With Saturday’s deadline looming, Microsoft pressed its attack on Yahoo, saying the faded Web star needed to forgo “unrealistic expectations” that it is worth more than $44 billion. Microsoft said it would consider its alternatives including going hostile or withdrawing its offer if the two sides don’t make progress toward an agreement by this weekend. “Speed is of the essence for the deal to make sense,” Chief Financial Officer Chris Liddell told Reuters. “Unfortunately, the transaction has been anything but speedy and has been characterized by what would appear to be unrealistic expectations of value.” In the last few days, Chief Executive Steve Ballmer has reiterated Microsoft has no plans to raise its cash-and-stock offer, which the Yahoo board has spurned, saying it significantly undervalues the company.
How very un-buyout-firm-like. Fresh from two major financial services deals in recent weeks, private equity heavyweight TPG is actively targeting investment opportunities at banks and brokerages, people familiar with the matter said, and is happy to sit back with a non-controlling stake and let management do its thing. On Monday, senior officials of TPG, including co-founder David Bonderman, met with John Thain and Greg Fleming, the CEO and president of Merrill Lynch, to discuss investment proposals, these people said. Among the topics at the Merrill meeting was the possibility of a capital infusion into the bank, an offer Merrill rebuffed. But the meeting was one of a number TPG has held in recent months at financial institutions as it seeks to deploy some $20 billion in “dry powder,” or unused funds, sources said. TPG has more than $50 billion of assets under management.
Cell phone chip maker Micrel plans to issue a strongly worded letter later in its battle with an activist investor warning shareholders that a forced sale could damage its business. The letter, obtained by Reuters, says Micrel shareholders should vote against Obrem Capital Management’s rival slate. Obrem owns just under 15 percent of Micrel. It has urged the company to remove its current board of five directors and instead let shareholders vote on its proposed slate of six nominees at a special meeting on May 20.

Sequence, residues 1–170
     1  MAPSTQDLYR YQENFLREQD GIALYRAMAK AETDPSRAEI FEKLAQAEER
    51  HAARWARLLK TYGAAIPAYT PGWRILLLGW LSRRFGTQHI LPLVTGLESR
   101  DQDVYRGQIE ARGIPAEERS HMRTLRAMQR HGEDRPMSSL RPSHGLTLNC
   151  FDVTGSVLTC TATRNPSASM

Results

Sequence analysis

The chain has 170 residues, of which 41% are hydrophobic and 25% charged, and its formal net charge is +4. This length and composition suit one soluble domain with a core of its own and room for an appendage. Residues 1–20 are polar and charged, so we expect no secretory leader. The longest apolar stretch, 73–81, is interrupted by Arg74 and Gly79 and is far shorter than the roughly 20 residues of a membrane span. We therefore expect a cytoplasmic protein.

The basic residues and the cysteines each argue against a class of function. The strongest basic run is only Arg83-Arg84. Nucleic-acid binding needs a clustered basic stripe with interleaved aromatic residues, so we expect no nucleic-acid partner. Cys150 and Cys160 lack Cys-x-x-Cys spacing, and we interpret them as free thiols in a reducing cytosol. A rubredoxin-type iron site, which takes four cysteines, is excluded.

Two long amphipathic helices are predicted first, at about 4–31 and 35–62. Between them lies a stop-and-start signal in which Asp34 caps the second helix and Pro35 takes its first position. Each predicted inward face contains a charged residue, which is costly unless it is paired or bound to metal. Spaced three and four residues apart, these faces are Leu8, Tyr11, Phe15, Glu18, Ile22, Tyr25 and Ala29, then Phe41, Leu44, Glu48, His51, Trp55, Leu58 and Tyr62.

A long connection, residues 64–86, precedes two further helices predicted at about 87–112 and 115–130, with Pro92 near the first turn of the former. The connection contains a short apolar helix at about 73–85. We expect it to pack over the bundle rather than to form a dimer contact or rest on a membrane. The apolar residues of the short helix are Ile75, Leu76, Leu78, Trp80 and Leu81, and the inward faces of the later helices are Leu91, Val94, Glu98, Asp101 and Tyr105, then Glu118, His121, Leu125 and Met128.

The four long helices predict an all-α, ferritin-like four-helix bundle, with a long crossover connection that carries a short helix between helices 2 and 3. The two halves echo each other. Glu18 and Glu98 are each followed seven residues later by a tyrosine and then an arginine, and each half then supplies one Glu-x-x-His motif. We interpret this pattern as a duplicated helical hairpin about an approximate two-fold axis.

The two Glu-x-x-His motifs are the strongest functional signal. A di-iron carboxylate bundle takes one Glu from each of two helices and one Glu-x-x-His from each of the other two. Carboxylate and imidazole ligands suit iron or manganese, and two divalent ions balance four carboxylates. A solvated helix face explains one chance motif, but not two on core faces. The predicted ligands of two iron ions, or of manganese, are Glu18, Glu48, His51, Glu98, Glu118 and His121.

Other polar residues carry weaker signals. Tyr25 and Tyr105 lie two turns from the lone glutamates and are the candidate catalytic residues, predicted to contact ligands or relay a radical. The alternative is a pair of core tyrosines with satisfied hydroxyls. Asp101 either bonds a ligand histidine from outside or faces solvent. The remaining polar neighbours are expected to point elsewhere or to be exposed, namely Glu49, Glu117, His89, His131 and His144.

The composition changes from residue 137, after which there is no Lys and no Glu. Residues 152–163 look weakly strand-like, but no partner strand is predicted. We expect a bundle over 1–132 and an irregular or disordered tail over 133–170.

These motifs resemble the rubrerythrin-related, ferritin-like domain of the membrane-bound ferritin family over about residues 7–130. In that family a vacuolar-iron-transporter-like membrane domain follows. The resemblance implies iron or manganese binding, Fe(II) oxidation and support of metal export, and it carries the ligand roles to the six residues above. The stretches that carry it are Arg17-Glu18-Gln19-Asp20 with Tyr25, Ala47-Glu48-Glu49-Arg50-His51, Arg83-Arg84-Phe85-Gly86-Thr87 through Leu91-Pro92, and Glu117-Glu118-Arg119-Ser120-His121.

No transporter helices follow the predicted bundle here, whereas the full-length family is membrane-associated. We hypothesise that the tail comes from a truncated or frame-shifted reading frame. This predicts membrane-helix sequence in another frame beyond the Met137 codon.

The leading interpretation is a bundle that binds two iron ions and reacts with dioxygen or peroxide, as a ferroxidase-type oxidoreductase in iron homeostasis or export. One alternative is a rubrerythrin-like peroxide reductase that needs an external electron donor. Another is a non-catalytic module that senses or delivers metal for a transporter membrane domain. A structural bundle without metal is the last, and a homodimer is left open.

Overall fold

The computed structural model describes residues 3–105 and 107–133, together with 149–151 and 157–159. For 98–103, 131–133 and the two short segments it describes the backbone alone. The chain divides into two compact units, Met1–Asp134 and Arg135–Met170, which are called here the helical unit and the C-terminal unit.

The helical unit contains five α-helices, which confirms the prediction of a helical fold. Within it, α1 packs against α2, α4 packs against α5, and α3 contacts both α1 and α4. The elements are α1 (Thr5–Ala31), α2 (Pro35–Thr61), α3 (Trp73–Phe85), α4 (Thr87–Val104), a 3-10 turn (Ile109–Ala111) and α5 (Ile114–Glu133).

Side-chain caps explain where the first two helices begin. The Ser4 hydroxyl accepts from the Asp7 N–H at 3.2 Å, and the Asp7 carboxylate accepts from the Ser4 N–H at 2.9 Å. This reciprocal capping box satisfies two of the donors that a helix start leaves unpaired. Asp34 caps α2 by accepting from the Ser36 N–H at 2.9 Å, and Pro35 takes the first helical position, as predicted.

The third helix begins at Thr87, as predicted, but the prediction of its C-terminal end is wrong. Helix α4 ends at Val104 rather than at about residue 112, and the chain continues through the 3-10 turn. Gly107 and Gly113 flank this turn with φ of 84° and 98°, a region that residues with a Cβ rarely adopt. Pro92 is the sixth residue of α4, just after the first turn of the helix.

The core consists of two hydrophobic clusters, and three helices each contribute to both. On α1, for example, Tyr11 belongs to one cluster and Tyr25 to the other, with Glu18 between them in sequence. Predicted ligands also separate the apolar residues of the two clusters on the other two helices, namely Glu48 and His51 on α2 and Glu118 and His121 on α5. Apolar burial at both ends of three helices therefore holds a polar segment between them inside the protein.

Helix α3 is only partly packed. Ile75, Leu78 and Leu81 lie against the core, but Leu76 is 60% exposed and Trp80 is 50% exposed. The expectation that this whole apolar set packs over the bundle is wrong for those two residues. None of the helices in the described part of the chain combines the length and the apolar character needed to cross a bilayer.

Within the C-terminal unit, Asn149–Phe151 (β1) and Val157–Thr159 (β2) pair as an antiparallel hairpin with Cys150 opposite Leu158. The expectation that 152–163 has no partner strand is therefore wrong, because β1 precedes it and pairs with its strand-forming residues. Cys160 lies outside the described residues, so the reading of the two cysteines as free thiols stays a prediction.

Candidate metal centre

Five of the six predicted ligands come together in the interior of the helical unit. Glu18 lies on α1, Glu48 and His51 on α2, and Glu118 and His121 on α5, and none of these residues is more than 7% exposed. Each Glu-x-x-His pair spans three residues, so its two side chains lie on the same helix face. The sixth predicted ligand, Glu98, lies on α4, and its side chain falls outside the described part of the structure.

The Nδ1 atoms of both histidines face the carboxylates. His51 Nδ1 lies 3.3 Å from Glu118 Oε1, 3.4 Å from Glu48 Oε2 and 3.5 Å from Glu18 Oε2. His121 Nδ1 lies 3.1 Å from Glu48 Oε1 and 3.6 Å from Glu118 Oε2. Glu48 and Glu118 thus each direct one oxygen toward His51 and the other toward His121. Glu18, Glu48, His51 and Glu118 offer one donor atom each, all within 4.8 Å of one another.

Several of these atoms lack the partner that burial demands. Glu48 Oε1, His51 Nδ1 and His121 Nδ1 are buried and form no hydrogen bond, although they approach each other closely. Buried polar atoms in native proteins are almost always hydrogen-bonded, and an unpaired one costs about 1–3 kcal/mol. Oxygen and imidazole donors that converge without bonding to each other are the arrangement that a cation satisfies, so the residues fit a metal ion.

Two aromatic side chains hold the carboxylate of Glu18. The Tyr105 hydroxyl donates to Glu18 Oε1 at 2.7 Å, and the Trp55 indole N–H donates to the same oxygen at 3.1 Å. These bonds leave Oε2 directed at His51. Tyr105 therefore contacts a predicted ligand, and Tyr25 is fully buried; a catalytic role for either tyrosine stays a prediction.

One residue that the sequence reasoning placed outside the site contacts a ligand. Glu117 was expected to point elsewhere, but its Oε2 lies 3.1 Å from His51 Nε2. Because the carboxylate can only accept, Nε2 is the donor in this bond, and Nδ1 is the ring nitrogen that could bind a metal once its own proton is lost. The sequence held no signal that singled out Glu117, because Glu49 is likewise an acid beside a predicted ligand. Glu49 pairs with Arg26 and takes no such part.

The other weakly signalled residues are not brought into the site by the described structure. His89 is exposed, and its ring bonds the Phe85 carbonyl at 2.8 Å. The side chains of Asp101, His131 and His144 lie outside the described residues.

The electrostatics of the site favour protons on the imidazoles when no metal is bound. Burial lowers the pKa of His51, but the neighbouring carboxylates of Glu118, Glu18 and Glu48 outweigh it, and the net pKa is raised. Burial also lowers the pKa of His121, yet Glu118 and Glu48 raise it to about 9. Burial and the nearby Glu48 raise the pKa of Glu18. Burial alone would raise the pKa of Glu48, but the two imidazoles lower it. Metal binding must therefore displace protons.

Lara Croft game creator SCi Entertainment said it raised 60 million pounds ($119 million) as property tycoon Robert Tchenguiz and media group Warner Bros bought big chunks of a share placing. The new shares were priced at a 38 percent discount to Thursday’s closing middle market price, SCi said. Tchenguiz’s Thorson investment vehicle is expected to end up as the biggest shareholder with a roughly 22 percent stake, with Warner at 20 percent. Shares of SCi, which created the heroine of the Tomb Raider games, sank to a five-year-low after reporting in February it needed 50 million pounds to survive, after the cost of scrapping a series of ill-conceived computer games.
Ryanair shares have been hammered as fuel costs mount, but investors may be missing a trick, given hidden value in a growing fleet that could make it a tempting bid target for anybody who can raise the funds. Europe’s biggest low-cost carrier has seen its stock dive 60 percent in 12 months. Investors are wary of its lack of protection against record oil prices, but Ryanair has orders and options to buy dozens of Boeing planes over the next four years at prices so far below the going rate that the difference in value alone could net any buyer 2.3 billion to 2.6 billion euros ($3.6-$4.1 billion).